Retail Stocks Hit in Market Meltdown

The warnings and notes of caution came from the finance, automotive and technology sectors on Thursday, but by the time the bloodbath on Wall Street was...

The warnings and notes of caution came from the finance, automotive and technology sectors on Thursday, but by the time the bloodbath on Wall Street was over, apparel and retail stocks needed more than their fair share of first aid.

This story first appeared in the June 27, 2008 issue of WWD.  Subscribe Today.

The Standard & Poor’s Retail Index fell 3.5 percent to close at 361.28, as the Dow Jones Industrial Average plunged more than 350 points to close down 3 percent to 11,453.42 — its lowest point this year. The S&P 500 dropped 2.9 percent to 1,283.15.

Retail shares across the board suffered with the rest of the market amid investor fears that consumers will continue to cut back on discretionary items such as apparel while gas and food prices rise, said Deborah Weinswig, retail analyst at Citigroup.

“We are in an uneventful fashion cycle right now and it seems like there will be a lack of compelling product for a while,” she said.

A day after announcing a cut in its 2009 capital expenditures and store opening plans and seeing its shares rise, J.C. Penney Co. Inc.’s stock fell $1.70, or 4.5 percent, to close at $35.98.

Nike Inc., which reported higher fourth-quarter earnings but acknowledged weakness in the U.S. market after the market closed on Wednesday, saw the full force of investor anxiety as its shares plunged $6.47, or 9.8 percent, to $59.50.

In advance of reporting higher first-quarter numbers at the close of the market Thursday, Christopher & Banks Corp. declined 7.6 percent to $8.82. Other missy retailers also felt the fury as AnnTaylor Stores Corp. fell 3.7 percent to $24.62, Chico’s FAS Inc. dropped 5.3 percent to $5.76, and Charming Shoppes Inc. decreased 3.8 percent to $4.59.

One of the only retailers to register a gain was Coldwater Creek Inc. after the women’s retailer was upgraded to “buy” from “accumulate” by C.L. King & Associates. Shares of the company were up 3 percent to $5.78.

In a research note, Mark Montagna, retail analyst at C.L. King, said he believes the company will execute on the elements of its strategic plan, most importantly improving merchandise.

The declines for retailers and vendors came amid a storm of broader bad news for investors across the market. The president of OPEC speculated that the price of oil could reach $150-$170 a barrel before the end of summer, sending the commodity’s price soaring. During trading Thursday, oil prices crossed the $140 a barrel mark for the first time in history before it closed at $139.64 a barrel.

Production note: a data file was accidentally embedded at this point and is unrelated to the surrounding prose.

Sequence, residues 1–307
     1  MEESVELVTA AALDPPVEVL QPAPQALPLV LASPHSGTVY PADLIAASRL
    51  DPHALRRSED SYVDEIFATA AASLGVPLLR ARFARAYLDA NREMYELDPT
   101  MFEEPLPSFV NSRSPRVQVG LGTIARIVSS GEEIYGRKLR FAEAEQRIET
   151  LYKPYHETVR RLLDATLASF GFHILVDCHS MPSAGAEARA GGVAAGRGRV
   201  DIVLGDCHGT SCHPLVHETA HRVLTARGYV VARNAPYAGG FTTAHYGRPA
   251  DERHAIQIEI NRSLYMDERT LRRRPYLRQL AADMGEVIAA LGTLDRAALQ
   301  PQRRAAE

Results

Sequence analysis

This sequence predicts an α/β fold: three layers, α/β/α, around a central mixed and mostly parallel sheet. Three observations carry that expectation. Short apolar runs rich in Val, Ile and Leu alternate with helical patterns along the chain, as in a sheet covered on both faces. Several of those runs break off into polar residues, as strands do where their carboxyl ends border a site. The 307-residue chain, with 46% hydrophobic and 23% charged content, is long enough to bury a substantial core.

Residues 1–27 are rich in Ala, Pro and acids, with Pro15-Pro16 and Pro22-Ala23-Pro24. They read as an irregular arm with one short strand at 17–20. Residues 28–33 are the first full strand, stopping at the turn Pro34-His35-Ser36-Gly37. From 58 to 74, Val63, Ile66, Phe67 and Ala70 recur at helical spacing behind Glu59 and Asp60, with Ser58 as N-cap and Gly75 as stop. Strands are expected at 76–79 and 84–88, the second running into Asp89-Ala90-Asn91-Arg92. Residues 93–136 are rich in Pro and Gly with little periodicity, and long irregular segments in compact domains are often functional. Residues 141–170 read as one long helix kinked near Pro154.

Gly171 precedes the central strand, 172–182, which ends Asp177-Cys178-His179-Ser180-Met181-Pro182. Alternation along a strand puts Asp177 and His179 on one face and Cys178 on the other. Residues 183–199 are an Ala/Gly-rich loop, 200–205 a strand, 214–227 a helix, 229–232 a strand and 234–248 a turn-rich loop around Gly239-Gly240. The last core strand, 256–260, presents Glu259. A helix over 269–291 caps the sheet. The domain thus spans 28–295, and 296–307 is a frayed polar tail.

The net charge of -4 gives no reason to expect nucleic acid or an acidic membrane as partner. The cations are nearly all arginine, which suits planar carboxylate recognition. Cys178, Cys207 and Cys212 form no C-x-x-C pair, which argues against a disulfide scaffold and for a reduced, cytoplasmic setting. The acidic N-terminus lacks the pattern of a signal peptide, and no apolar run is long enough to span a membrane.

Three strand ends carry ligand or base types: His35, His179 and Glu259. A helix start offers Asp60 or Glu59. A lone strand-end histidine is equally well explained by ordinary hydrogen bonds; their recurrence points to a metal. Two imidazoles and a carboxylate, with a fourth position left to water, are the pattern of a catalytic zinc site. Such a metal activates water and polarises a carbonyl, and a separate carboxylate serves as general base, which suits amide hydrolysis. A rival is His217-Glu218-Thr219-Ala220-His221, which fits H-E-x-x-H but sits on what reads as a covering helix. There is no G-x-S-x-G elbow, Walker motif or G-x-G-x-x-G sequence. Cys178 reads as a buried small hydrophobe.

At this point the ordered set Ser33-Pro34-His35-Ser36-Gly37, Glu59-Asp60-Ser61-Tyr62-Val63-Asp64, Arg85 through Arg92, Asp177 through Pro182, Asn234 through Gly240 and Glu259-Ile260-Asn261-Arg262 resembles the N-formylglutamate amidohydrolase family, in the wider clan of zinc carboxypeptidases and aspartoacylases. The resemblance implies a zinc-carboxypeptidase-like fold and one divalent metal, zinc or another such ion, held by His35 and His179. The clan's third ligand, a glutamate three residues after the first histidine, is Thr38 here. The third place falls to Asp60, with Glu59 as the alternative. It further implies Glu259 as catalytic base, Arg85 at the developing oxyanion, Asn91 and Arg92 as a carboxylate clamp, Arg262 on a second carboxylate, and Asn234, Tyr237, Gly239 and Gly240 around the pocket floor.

Elsewhere, General Motors Corp. slid to its lowest share price in more than 50 years, falling more than 10 percent, after Goldman Sachs downgraded the company’s rating to “sell.” The automaker was not alone, as Goldman Sachs also downgraded Citigroup Inc. to “neutral,” sending its shares down more than 12 percent.

In the teen space, the once high-flying Zumiez Inc. toppled 5.6 percent to $17.63. Abercrombie & Fitch Co. lost 3.5 percent to close at $64.33, and American Eagle Outfitters Inc. slid 3.2 percent to $15.80.

J. Crew Group tumbled 3.6 percent to $33.33, while Urban Outfitters Inc. fell 3.5 percent to $31.91.

Gap Inc. was off 1.4 percent to $16.66, while Limited Brands Inc. slid 3 percent to $17.04.

The department store sector, which has been the only retail group to underpeform the overall market for the year-to-date period, also took a beating.

Macy’s Inc. dropped 2.7 percent to $19.48 and Kohl’s Corp. faltered 3.6 percent to close at $40.53.

But Gottschalks Inc. topped New York Stock Exchange’s list of biggest advancers, growing 4 percent to $2.35.

Higher-end stores weren’t immunized from declines. Saks Inc. fell 5.9 percent to $11.51, while Nordstrom Inc. was down 4.6 percent to $31.64.

Discounter Target Corp. plunged 4.5 percent to $47.64, while Wal-Mart Stores Inc. declined a less severe 2.2 percent to close at $56.83.

Vendors fared no better than retailers. Liz Claiborne Inc. slumped 3.3 percent to $15.16, Phillips-Van Heusen Corp. dropped 3.4 percent to $37.74, and Polo Ralph Lauren Corp. slipped 2.8 percent to $64.61.

Hanesbrands Inc. dipped 1.5 percent to $28 and Coach Inc. was down 2.9 percent to $29.64, Kenneth Cole Productions Inc. dropped 2.1 percent to $13.61 and Revlon Inc. plummeted 9 percent to 81 cents.

Two Los Angeles-based companies were hit particularly hard. Blue Holdings Inc. tumbled 21 percent to 30 cents, while Tarrant Apparel Group slid 10.6 percent to 57 cents.

Under Armour Inc. dropped 4.3 percent to $26.81.

First-quarter gross domestic product, the output of goods and services generated in the U.S., increased 1 percent, the Commerce Department said Thursday. The figure was revised upward from earlier preliminary estimates of an 0.9 percent increase.

The slight improvement was most likely reflective of rebate-driven consumption, said Nigel Gault, chief U.S. economist at Global Insight. While that could continue through the second and third quarters of 2008, there is a concern “that the economy will run out of steam in the fourth quarter when the rebate effect fades,” Gault said. “First-half growth is proving better than feared, but the economy is far from out of the woods.”

— With contributions from Liza Casabona